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Prepare for Zion National Park

Updated: Jan 30

So you want to plan for Zion? Awesome! Here is everything we know to get you thinking about your trip. By the end, you will learn what you need to Get Started.

For the video version of this blog click here or continue reading below:

Later we are going to share with you our three favorite hikes but, right now here is a brief overview.

Why is Zion National Park so Special?

Zion National Park is home to almost 1,000 different plants through desert, riparian, woodland, and coniferous forest life zones. As you watch this video you will notice all the different plants and start to see the variety. The Anasazi, created petroglyphs and cliff dwellings that are between 800-1500 years old and are still viewable today in Zion Canyon. Additionally the park is home to mule deer, coyotes, big horn sheep, ringtail cats, California Condor, cougars, gray fox, many birds, and just a few squirrels. For these reasons, Zion Canyon was established as Mukuntuweap National Monument in 1909 by President Taft and a National Park in 1919 by Woodrow Wilson.

Now that you know why Zion was protected as a National Park let’s get to the hikes. Later we will let you know the one animal that is most dangerous in the park.

What is it like Hiking the Narrows at Zion National Park?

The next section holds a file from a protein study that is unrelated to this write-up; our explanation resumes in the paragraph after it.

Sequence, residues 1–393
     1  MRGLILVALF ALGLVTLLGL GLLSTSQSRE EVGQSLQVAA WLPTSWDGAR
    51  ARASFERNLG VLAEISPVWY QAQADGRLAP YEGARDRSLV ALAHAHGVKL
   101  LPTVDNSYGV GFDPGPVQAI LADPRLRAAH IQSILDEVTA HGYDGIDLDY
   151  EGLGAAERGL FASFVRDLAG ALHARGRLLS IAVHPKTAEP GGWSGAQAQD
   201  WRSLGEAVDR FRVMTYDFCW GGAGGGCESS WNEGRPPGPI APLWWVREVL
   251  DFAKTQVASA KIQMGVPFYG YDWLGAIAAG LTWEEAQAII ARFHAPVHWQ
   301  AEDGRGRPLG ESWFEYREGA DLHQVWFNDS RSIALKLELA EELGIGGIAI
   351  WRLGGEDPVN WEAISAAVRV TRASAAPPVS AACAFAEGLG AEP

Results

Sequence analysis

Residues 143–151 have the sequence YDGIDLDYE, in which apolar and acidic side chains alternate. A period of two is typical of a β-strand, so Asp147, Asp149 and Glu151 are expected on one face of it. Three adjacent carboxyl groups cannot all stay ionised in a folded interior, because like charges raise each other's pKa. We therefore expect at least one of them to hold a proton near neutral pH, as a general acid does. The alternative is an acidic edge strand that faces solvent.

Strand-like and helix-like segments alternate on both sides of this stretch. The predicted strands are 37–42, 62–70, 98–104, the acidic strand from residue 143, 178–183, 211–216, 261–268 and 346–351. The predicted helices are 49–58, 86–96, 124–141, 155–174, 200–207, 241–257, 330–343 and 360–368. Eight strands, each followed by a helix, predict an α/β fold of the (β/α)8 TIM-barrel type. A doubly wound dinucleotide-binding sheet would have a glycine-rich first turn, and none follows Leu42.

The Narrows area of Zion might be the most popular hike in the park. We started at Shuttle stop 9 Temple of Sinawava and hiked almost to the Big Spring and back which is about 10 miles, 340 feet of elevation gain and mostly in the water. We spent about 4-5 hours in the Narrows and made it to Wall Street and other amazing sections of the Canyon. The gap between the canyon walls in the Narrows is only 20 feet wide in some spots and the canyon walls rise more than 800 feet tall. Make sure you pack the proper gear, plan to get wet, and check the weather to make sure the hike is safe. Stay until the end for a playlist with a planning guide of the Narrows. Here is more detail on The Narrows: Hiking The Narrows-Complete Guide Zion National Park (

Zion Canyon is being carved by the Virgin River and has been growing deeper for over 2 million years

How do you get to Angel's Landing in Zion National Park?

Our second hike started at Shuttle Stop 6 The Grotto and took us to Walter’s Wiggles, the base of Angels Landing, and Scout Lookout. The West Rim trail goes for miles. The Grotto to Scout Lookout Hike on the West Rim Trail is almost 1,500 feet of elevation gain, 4 miles round trip and takes 3-4 hours to complete. To hike Zion National Park from the Grotto to Scout Lookout and the start of Angels Landing you have to Climb Higher than New York’s Empire State Building. Here is more detail on the West Rim: Prepare for the West Rim Trail at Zion National Park (

Who Named Zion National Park?

Zion National Park was named by Mormon pioneers in the 1800s which is Hebrew and means Refuge or Sanctuary. In this part of Utah there is a lot of desert and barren land. Zion is a true oasis in the desert with the Virgin River creating a refuge where the settlers could create a home, grow gardens, be protected by shade and survive.